OTHER STUFF: The law also helps building owners measure energy use, loosens restrictions on beekeeping, and helps increase the amount of trees in DC.
Bill 20-641: Sustainable Solid Waste Management Amendment Act of 2014 passed with this amendment on electronic waste recycling to please the electronics industry.
DC's recycling rate is a pathetic 16%. It was supposed to be 45% twenty years ago and the city was sued multiple times over it. That law was ignored by Department of Public Works officials who seem to think that 35% recycling is as high as you can go, and who would rather see you put your recyclables in with the trash and have machines try to sort it all out, then burn most of it.
Thankfully, while we continue to struggle with antiquated views among leading Department of Public Works (DPW) staff, we got city council to force their hand by setting some requirements on where we're going.
SOLID WASTE HIERARCHY: City officials have it backwards and think that incineration (and landfilling the toxic ash) is better than direct landfilling. We didn't get anything close to the zero waste hierarchy we wanted, but we did manage to keep incineration on the same level as landfilling and to get it defined as disposal (a problem to be avoided) -- rather than "diversion" (part of the solution), as DPW would have it. The hierarchy is now: (1) reduce/reuse; (2) recycle/compost/trash-to-biofuel; (3) landfill/incinerate. We think the trash-to-biofuel is a big mistake, though. More on that below.
MANDATORY SOURCE SEPARATION / FOOD WASTE COMPOSTING: Any notion by DPW to do what Houston, Texas is considering -- a "One Bin for All" approach, putting all trash, recycling and composting in one bin to be sorted out later -- is now illegal. The new law requires that everyone separate recyclables, trash and -- at some point once a program is established -- compostables, including food scraps.
ZERO WASTE PLAN: The city administration must now develop a zero waste plan designed to move DC toward Mayor Gray's Sustainable DC goal of diverting 80% of our waste from incinerators and landfills.
PAY AS YOU THROW: The law authorizes the city to implement a "Pay as You Throw" system, which rewards those who waste less, but charging less for waste disposal (like any other utility where you pay for how much you use). Such a system has been successful in boosting recycling in many other cities and towns, but it's politically hard in DC, since waste disposal is paid through taxes, and they'll have to move that payment to a separate fee, which people might see as a new tax of sorts, even though it's just shifting it from one part of a tax bill to a new one.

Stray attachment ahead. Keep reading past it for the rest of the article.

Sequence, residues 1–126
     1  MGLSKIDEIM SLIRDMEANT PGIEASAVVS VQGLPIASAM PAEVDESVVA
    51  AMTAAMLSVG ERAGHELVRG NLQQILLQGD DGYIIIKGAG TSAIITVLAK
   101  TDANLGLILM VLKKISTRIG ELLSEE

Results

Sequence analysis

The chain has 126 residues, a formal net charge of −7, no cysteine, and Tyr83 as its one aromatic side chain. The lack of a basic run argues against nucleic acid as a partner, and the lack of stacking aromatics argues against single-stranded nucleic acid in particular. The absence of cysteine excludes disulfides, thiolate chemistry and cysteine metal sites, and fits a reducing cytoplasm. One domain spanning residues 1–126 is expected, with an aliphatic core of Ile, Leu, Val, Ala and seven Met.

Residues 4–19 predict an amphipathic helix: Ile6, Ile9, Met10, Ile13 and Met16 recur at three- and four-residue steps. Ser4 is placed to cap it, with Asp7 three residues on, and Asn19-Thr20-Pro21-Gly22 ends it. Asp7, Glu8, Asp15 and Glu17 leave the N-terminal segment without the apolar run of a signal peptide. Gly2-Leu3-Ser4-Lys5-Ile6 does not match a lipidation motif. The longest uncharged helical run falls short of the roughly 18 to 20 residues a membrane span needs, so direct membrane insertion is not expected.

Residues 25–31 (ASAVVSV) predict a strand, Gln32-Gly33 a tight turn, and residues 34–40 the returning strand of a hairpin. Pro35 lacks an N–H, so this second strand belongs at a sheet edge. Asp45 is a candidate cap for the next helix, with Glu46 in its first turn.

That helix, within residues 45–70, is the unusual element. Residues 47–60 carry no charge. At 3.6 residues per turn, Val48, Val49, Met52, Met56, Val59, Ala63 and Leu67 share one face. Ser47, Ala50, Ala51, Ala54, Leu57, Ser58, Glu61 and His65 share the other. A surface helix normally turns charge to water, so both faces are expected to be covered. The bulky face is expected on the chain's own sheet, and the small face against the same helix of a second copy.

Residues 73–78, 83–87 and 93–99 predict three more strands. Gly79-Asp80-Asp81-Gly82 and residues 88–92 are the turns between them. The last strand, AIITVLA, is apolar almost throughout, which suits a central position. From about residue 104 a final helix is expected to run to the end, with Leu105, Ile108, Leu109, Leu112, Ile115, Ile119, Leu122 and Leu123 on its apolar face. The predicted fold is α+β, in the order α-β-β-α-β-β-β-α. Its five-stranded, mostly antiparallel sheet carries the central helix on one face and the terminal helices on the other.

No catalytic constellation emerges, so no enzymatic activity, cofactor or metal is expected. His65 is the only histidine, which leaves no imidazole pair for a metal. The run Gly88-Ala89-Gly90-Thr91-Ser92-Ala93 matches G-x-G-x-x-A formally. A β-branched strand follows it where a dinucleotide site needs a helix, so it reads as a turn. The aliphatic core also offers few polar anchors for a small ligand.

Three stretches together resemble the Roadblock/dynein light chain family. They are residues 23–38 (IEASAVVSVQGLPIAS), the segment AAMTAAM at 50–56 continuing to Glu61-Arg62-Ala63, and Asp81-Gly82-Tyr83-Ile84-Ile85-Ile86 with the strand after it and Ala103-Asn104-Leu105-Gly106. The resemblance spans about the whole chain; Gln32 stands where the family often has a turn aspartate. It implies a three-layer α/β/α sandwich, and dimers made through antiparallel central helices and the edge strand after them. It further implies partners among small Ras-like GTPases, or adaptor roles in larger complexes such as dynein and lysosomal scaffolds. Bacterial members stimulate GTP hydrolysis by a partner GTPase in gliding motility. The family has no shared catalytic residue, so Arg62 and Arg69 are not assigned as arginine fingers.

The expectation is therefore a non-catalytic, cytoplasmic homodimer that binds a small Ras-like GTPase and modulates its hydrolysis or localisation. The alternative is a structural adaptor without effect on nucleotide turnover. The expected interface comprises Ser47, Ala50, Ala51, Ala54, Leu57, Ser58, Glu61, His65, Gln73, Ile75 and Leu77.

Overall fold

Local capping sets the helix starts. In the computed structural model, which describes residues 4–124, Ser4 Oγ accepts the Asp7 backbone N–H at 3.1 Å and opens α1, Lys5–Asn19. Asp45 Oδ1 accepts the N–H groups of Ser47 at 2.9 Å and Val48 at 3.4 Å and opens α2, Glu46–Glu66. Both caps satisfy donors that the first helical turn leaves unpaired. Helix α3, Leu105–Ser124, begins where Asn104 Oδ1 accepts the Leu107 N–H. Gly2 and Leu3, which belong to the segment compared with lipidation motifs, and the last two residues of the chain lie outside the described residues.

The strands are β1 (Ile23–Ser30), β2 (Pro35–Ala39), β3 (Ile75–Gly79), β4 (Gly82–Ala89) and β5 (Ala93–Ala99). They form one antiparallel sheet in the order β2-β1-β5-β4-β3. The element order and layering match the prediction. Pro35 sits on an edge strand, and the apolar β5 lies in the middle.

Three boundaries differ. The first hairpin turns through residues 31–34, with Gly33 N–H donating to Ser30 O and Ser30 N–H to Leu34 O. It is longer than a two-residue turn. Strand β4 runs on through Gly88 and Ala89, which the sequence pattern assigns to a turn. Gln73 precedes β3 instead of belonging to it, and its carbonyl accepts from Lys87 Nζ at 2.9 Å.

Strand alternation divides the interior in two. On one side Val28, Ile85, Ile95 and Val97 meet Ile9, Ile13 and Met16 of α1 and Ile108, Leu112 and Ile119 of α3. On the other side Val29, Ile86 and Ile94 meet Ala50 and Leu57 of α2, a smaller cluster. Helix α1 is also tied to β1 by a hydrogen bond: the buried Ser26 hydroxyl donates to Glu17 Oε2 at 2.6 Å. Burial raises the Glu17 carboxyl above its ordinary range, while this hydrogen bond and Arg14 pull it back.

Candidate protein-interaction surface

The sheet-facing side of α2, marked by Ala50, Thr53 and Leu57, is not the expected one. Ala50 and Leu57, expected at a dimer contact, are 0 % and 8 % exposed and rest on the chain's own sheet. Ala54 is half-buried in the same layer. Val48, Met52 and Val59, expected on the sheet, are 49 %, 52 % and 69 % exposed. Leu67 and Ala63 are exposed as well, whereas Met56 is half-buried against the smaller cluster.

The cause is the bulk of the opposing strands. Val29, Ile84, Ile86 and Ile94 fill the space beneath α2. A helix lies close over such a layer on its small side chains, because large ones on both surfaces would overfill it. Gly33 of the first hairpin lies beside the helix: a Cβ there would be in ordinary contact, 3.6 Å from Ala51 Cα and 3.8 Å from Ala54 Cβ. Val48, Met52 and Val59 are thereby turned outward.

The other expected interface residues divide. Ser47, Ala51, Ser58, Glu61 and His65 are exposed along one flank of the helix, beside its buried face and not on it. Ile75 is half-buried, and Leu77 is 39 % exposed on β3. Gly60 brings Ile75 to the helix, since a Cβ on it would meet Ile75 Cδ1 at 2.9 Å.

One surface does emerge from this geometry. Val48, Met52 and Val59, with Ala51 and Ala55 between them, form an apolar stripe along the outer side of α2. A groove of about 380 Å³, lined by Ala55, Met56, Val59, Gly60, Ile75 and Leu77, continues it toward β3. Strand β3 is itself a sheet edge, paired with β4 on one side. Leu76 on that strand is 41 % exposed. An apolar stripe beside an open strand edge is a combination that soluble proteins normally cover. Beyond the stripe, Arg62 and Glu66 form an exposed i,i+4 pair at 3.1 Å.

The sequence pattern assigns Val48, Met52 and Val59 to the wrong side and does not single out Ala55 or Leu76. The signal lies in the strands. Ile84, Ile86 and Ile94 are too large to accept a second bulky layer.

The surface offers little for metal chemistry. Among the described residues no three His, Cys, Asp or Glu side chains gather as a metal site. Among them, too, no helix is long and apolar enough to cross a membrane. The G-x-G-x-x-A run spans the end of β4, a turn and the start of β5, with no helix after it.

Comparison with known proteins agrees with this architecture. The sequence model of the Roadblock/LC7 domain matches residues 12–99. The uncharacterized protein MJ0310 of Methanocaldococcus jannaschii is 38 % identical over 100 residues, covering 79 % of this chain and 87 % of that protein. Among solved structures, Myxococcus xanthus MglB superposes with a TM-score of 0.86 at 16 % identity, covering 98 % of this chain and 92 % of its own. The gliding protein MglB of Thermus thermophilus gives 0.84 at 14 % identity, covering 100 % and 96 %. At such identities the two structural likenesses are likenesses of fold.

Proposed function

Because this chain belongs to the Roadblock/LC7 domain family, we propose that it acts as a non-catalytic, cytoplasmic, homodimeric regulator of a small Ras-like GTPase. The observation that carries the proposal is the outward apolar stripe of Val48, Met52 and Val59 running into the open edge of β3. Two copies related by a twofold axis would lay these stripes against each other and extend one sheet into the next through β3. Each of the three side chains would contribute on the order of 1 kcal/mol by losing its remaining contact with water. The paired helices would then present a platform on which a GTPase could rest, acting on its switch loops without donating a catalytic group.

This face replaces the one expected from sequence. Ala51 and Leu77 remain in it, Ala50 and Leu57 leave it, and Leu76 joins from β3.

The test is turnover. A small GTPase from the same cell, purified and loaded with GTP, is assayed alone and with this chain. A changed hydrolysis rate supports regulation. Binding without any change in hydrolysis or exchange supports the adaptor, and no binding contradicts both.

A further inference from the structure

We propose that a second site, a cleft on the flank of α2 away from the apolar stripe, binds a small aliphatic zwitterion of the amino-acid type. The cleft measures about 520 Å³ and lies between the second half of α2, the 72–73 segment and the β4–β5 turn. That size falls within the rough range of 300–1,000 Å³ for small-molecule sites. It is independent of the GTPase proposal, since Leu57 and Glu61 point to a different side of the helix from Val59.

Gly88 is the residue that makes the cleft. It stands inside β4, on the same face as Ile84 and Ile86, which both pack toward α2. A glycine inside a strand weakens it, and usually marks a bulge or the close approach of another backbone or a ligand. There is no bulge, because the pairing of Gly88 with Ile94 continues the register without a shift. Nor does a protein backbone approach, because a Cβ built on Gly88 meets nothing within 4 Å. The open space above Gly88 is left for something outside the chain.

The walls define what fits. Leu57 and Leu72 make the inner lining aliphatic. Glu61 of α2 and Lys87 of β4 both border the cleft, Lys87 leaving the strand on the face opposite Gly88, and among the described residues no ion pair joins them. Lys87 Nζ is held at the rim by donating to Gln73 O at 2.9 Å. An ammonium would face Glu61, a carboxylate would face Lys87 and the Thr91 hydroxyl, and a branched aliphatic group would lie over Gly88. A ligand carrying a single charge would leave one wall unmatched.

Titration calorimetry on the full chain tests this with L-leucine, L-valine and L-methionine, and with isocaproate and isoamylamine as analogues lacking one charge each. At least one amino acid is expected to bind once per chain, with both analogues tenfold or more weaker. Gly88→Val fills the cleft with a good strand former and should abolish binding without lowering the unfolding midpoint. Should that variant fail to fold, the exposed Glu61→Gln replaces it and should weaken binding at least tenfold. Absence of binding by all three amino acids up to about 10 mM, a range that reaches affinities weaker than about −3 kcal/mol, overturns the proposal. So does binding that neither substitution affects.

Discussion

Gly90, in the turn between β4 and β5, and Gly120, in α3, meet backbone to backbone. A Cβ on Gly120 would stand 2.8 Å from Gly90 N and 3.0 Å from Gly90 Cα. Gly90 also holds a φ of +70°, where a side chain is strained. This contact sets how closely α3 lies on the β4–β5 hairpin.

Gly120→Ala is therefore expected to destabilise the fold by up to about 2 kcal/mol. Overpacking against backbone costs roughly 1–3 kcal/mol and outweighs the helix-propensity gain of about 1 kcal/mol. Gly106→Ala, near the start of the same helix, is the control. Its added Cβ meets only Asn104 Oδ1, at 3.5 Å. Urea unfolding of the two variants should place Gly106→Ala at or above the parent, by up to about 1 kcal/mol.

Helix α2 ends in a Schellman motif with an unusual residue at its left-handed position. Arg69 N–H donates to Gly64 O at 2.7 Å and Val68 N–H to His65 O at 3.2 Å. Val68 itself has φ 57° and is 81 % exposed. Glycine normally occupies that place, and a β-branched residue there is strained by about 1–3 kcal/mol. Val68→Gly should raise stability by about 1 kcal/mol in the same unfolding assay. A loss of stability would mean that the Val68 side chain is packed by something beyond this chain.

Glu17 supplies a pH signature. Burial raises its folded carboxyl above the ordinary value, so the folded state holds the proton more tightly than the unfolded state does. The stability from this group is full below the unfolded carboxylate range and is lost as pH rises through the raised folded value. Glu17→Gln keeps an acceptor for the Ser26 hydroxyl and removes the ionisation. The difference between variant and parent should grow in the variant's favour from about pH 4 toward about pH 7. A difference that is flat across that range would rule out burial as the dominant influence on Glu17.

RECYCLING EDUCATION: Private collection properties (any place where city trucks don't do the trash pickup) and waste haulers must provide for recycling (and eventually, composting) collection services, training of janitors, proper signage and labeling of recycling containers (with visuals or descriptions of what is proper to put in them), and must annually communicate information about source separation requirements to individuals who discard solid waste at the property.
KNOWING WHERE OUR WASTE GOES: Private haulers will now need to register with the city and provide details on where the waste and recycling goes. The majority of the city's waste is collected by private haulers, and we don't have a way to know where it all goes.
ELECTRONIC WASTE RECYCLING: Starting in 2018, it'll be illegal to dispose of electronic waste in the trash. Leading up to that, starting in 2017, companies that sell electronic goods must participate in collecting electronic waste for recycling, or supporting the increased number of "convenient" collection locations (at least one in each ward). They must also provide info on how you can recycle what they sell you. Unfortunately, the bill doesn't cover cell phones, PDAs, GPS devices, or household gaming devices, among other exemptions. We tried to get cell phones included, but to no avail. We also tried to get this program to be one where the companies pay for it, but the city implements it, so that it can keep jobs local and feed materials to local non-profits for repair and reuse. Instead, the electronics industry fought back and got an awful amendment in last-minute which weakened the bill a lot. We had previously managed to put in a strong standard that electronic waste is not allowed to go to prison labor for recycling (where it currently goes), or be dumped on the third world, or sent to incinerators or landfills. All of these standards were stripped out.